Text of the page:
As in other traditional cultures, Asian Americans have several important culture-bound syndromes: hwa-byung, taijin kyofusho, hsieh-ping, amok, wagamama, shinkeishitsu, and koro. Hwa-byung is a common, multiple somatic and psychological disorder, seen usually in married Korean women. Epigastric pain is the presenting symptom;it is feared that the pain will lead to death, and associated symptoms include insomnia, dyspnea, palpitations, and muscle aches. It often appears that anger is the precipitating cause. Taijin kyofusho is a syndrome in Japanese patients in which the patients complain that their body parts or functions are offensive to others. Hsieh-ping is a trancelike state in which Chinese patients believe themselves to be possessed by a dead relative or friend whom they have offended. Amok, which afflicts Malay men, is a sudden spree of violent attacks on people, animals, and objects. Wagamama, seen in Japanese patients, manifests with apathetic childish behavior with emotional outbursts. Shinkeishitsu is a form of severe anxiety and obsessional neurosis seen in young Japanese patients. Koro, a name of Malay origin, is a delusional condition seen in Southeast Asian and Chinese male patients; the patient suddenly grasps his penis, fearing that it will retract into his abdomen and ultimately cause his death. Family members are frequently called on to hold the penis. This disorder may continue for several days. The condition may be linked to another associated belief called ''semen anxiety,'' in which the patient feels that he has a deficiency of semen, which is believed to be a fatal condition.

Asian Indians

Asian Indians are people from India, Pakistan, Nepal, Bangladesh, and Sri Lanka. Although most Asian Indians speak English well, some idioms may produce confusion. The most common religious groups among Asian Indians are Hindus, Muslims, and Sikhs. Hindus believe that life is a circle, continuous, without a beginning or end. There is also a strong belief in astrology. The Hindu family is a very strong unit, and health-care decisions are commonly made by the senior members of the family. The cow is considered sacred; eating beef or veal, therefore, is strongly prohibited.

Muslims follow the teachings of Mohammed and Islam. The main principles of Islam are generosity, fairness, respect, cleanliness, and honesty. The consumption of alcohol, pork, and lard is strictly prohibited. Sex education and cremation are also commonly forbidden. Older Muslim patients may have a fatalistic attitude, which can interfere with compliance with medical therapy. Many Muslim women wear a veil over their head when in the presence of men outside the family and prefer female health-care providers. In some cases, if a patient's husband is present, a male clinician may be allowed to examine her.

Sikhism started in the 15th century in northern India. Sikhs believe in a single God and in reincarnation. Baptized Sikhs do not cut their hair and do not smoke or drink alcohol; many are vegetarians. A traditional Sikh greeting, similar to that of other Asian Indians, is with the palms of the hands pressed together in front of the chest. Women generally do not shake hands, and eye contact may be considered disrespectful.

The Asian-Indian population relies heavily on a wide-ranging pharmacopeia. Remedies can come from almost any natural substance. Ayurvedic medicine is an ancient Indian medical system; it teaches that imbalance in the body humors results in illness. Treatment is to restore the balance. Although Western medicine is recognized in India, it is estimated that there are nearly 4000 people for every Western-taught physician.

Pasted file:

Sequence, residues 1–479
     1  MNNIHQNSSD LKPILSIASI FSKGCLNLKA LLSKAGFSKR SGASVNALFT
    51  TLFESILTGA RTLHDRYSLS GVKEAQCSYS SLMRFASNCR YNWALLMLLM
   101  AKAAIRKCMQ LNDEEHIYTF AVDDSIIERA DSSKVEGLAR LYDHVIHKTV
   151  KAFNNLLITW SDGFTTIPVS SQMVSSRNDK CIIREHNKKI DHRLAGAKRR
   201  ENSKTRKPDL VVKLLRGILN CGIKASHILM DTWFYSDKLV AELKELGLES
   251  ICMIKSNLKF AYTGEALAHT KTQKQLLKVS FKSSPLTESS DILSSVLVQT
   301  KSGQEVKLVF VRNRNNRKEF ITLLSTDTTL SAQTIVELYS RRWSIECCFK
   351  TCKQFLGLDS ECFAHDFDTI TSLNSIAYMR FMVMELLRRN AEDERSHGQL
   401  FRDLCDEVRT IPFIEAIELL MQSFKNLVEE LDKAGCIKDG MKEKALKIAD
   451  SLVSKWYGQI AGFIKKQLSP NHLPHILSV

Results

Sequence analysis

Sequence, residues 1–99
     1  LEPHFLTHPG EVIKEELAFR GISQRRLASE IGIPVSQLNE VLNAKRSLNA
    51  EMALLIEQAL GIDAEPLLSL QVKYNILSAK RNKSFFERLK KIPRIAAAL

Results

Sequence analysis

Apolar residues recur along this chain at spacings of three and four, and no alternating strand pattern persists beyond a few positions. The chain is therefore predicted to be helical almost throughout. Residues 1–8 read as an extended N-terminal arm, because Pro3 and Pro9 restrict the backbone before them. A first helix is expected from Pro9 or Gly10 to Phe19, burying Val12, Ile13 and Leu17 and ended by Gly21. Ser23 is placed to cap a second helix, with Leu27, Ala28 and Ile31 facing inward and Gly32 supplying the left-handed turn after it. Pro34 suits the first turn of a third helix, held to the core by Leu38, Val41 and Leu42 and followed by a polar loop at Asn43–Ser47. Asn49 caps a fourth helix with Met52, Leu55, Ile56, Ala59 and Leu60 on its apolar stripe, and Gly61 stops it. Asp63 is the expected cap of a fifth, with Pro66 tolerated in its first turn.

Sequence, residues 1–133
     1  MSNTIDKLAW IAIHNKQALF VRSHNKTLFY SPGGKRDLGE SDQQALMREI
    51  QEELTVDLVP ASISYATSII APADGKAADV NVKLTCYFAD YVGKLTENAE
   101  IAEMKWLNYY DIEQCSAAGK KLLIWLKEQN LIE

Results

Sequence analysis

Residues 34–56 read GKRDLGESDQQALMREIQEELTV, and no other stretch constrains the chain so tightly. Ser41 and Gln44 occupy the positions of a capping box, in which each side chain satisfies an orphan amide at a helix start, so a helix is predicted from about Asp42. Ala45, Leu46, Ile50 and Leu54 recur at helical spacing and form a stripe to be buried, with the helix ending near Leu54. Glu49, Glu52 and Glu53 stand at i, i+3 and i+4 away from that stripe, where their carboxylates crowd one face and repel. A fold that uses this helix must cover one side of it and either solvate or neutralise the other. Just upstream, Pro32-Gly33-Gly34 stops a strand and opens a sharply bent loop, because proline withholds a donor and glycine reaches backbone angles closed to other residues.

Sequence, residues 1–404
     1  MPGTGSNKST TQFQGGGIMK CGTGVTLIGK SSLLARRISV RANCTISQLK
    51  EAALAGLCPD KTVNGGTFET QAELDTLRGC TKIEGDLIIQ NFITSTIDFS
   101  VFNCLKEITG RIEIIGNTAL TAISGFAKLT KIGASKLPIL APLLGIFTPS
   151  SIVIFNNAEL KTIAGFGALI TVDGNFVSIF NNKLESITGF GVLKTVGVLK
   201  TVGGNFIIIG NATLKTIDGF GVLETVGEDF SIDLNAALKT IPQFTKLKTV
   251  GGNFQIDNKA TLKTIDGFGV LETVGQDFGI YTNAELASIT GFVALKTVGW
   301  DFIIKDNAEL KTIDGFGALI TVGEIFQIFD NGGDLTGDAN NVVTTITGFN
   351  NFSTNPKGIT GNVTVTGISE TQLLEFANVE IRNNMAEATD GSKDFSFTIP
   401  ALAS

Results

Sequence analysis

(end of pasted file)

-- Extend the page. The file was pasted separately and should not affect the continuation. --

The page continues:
It is important for the clinician to recognize that taste and food are important parts of Asian-Indian beliefs. Each taste is believed to have special properties: sweet increases phlegm and appeases hunger and thirst; acid increases salivation and improves digestion; salt purifies the blood; pungent food provokes the appetite; bitter food also stimulates the appetite and clears the complexion. The study of medicines is more important than the study of illness; the traditional healer deals with symptoms and usually ignores the disease.

Native Americans

Native Americans constitute a heterogeneous group that comprises more than 400 federally recognized nations. American Indians, Aleuts, and Inuits (and Inupiats)* are the largest groups of Native Americans. The traditional belief about health is that it reflects living in total harmony with nature and having the ability to survive under dire circumstances. People must treat their bodies with respect. Many Native Americans believe that there is a reason for every illness;illness is the price paid for something bad that had occurred or will occur. Several tribes associate illness with evil spirits. Illness may also result from breaking a taboo or the attack of a ghost or witch.

The traditional healer is the medicine man or woman. Often, the medicine man or woman uses meditation and crystal balls. On occasion, the medicine man or woman uses the root of jimsonweed to produce a trance to enable him or her to treat the patient better. The cause of illness is diagnosed by three types of divination: motion of the hand, star gazing, and listening. Chanting is a major part of the process. Many Native Americans also believe in witchcraft. Herbal remedies and an act of purification are major steps to curing illness.

Two important problems among Native Americans are alcohol abuse and domestic violence. Alcohol abuse is a critical health problem that is widespread and immeasurably costly to the Native American community. In historical, traditional Native American homes, alcohol abuse was not common. Currently, domestic violence is a major problem, and it is frequently related to alcohol abuse. The rate of suicide is also high among this population. In addition, there is a higher proportion of postnatal deaths among Native Americans, presumably because the women have inadequate prenatal care.

The Jewish People